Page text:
I will venture a receipt for boiled custard (perhaps it should be granted that every one knows how to make it), as it is so often used in making many kinds of dessert, and as an excellent sauce for several puddings.
It is considered better made of the yolks only of the eggs (some whites may be used, however). A dessert-spoonful of sugar is enough for each egg, and five yolks are quite sufficient for a quart of milk. Beat the yolks and the sugar together to a froth, and stir in the milk; put it into a custard-boiler, or, if one has none, into a small tin pail. Place this in a kettle of boiling water; stir the mixture constantly until it is a little thickened. If it is well stirred, the custard will be a smooth cream; if allowed to remain a few moments too long in the boiling water after it begins to thicken, it will curdle and be spoiled. Do not flavor it with any of the essences, wines, or brandy, until after it is cooked; if either a vanilla-bean or peach-leaves are used, cook them with the custard.
If the whole eggs are preferred, for economy's sake, to be used (and they make very good custard), allow four eggs to a quart of milk, and four dessert-spoonfuls of sugar. If the milk is first boiled before it is added to the other ingredients, there will be less danger of the custard curdling.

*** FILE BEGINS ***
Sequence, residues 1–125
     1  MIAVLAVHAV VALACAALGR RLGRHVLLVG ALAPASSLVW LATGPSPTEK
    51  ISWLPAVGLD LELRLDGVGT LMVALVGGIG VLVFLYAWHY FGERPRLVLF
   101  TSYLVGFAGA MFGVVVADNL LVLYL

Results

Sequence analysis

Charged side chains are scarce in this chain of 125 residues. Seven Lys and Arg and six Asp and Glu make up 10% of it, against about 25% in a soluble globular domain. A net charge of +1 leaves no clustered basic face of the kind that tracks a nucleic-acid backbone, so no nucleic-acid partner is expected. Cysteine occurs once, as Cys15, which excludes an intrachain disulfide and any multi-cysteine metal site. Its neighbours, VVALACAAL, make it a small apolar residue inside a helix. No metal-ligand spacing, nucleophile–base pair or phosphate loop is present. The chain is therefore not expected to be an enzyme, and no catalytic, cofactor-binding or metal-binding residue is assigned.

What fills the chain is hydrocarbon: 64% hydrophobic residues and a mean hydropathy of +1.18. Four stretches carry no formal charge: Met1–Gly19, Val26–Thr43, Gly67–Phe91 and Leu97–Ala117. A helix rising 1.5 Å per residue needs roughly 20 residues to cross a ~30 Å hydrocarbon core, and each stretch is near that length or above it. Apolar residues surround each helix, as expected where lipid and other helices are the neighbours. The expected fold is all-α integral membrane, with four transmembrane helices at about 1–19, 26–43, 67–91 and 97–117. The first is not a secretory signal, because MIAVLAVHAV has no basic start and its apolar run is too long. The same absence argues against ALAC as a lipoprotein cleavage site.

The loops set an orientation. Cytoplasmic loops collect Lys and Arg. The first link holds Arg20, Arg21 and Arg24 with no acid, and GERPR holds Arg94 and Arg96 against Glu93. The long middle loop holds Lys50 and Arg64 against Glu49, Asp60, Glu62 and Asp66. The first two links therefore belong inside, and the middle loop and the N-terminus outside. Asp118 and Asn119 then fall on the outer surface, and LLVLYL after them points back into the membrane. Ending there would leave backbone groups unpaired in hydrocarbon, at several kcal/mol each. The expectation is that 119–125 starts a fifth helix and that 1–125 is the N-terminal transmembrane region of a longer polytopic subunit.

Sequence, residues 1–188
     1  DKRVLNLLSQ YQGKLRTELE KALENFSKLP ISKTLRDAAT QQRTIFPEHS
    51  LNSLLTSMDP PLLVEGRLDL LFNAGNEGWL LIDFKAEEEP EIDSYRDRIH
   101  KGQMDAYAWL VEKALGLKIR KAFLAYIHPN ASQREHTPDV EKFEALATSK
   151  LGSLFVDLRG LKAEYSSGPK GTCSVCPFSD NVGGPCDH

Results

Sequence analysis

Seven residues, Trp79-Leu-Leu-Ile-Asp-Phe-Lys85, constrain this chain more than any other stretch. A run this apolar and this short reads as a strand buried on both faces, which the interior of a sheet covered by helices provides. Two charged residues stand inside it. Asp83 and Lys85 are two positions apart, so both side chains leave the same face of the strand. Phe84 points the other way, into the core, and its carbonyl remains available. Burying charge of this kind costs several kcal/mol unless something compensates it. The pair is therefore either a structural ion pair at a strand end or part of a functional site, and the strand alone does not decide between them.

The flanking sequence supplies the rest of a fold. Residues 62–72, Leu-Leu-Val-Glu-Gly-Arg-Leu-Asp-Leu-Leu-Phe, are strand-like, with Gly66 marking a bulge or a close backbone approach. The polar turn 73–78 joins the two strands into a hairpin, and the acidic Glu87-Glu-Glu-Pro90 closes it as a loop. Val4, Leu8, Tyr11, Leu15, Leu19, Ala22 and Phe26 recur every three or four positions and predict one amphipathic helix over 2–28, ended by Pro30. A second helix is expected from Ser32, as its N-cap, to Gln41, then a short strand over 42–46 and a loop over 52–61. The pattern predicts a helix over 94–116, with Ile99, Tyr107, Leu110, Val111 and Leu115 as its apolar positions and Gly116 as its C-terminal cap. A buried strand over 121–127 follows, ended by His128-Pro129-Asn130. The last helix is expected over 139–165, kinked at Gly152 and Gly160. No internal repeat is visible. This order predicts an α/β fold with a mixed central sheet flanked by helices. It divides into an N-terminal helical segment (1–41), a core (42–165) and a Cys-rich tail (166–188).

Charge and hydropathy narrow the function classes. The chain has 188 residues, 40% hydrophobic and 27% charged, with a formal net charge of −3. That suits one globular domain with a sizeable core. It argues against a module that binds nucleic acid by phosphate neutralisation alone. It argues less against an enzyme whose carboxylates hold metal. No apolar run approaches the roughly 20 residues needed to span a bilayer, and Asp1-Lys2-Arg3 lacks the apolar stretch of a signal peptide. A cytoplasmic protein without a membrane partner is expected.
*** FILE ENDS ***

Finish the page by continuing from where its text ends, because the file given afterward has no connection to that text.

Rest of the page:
Beat the yolks of three eggs very lightly; stir into them two small table-spoonfuls of corn starch, dissolved in a little milk, and one tea-cupful of sugar. Bring two quarts of milk to a boil, then take it off the fire; pour it into the eggs, etc., a little at first; return it to the fire, and stir it until it thickens, not allowing it to boil; let it remain long enough to well cook the starch. Now stir in lightly the whites of four eggs beaten to a stiff froth, allowing the custard to remain a half-minute on the fire to set the eggs. Flavor with vanilla or chocolate, or with both.